Work on phase one of Route 3 improvements in Waterloo has been halted for the most part due to colder temperatures, but the project remains on schedule.
Matt Rodewald, project manager for Illinois Excavators, which is performing the work, said Tuesday they had hoped to get asphalt poured on the new road leading to the Vandebrook subdivision from South Market Street before winter set in. The recent cold snap prevented that from happening, Rodewald explained, as asphalt work requires temperatures of “40 degrees and rising” for an extended period.
Workers have until the end of 2014 to complete phase one of the Route 3 improvements, and Rodewald said they may be done by summer.
Workers will work on traffic signals and other elements of phase one until the spring, when they can pour the asphalt.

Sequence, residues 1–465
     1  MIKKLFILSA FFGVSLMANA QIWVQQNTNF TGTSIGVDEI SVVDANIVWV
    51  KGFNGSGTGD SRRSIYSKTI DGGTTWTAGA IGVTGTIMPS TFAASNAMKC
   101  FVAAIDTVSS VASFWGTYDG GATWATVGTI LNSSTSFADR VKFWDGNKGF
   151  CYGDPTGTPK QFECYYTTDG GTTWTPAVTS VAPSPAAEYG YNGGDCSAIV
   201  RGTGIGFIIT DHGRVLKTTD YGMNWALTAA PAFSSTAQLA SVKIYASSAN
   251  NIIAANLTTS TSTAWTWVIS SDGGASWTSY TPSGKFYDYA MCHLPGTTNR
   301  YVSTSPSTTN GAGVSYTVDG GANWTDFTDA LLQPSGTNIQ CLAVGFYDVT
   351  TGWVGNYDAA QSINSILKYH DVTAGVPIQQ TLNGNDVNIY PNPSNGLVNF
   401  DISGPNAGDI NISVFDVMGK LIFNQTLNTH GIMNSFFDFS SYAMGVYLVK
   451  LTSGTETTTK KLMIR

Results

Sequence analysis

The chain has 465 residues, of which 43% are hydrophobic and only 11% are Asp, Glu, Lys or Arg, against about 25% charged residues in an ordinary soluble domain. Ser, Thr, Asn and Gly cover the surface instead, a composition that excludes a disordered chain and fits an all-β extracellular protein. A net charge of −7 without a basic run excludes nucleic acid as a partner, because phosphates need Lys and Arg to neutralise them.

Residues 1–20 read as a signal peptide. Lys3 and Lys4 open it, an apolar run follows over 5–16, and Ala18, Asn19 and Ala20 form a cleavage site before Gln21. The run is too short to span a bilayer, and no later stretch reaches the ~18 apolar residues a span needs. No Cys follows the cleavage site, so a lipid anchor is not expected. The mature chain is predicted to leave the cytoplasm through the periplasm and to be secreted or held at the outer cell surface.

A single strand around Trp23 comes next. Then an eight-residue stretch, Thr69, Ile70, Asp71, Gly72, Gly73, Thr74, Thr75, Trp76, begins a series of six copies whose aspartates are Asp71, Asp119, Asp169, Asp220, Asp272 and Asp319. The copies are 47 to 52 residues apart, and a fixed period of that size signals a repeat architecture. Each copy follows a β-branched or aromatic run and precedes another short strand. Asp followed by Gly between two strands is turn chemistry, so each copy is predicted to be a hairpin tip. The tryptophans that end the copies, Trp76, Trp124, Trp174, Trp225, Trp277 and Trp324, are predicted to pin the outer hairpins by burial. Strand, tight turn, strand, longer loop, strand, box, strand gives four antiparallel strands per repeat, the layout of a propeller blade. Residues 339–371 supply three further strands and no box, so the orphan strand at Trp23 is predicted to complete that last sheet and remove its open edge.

Phase one work involves the relocation of Vandebrook Drive to connect with Route 3 at South Market Street, along with road widening on Route 3 to near Library Street. The current roadway leading to Vandebrook will be closed off as part of the project.
As for the much larger phase two portion, Rodewald said they will perform some tasks this winter, such as box culvert extensions and pipe extensions once the city utilities have been relocated.
“Illinois Excavators does plan to install drainage pipes in the north phase of Route 3 this winter,” Waterloo public works director Tim Birk added.
Workers may also begin construction this winter on the shared use underpass to be located just north of Library Street, Rodewald said.
The scheduled completion date for phase two is not until the end of 2016, but Rodewald said he “hope(s) it doesn’t take us that long.”
In total, the Route 3 improvement project involves 4.3 miles of roadway from North Market Street to South Market Street, plus the relocation of Vandebrook Drive.
The current two-lane highway will be reconstructed into a four-lane thoroughfare, with turn lanes or flush medians added as required.
Other features will include a roundabout just west of Route 3 on Park Street near the Monroe County Farm Bureau office, as well as a stoplight at Illinois Avenue and a 10-foot-wide shared use path for walkers and bicyclists.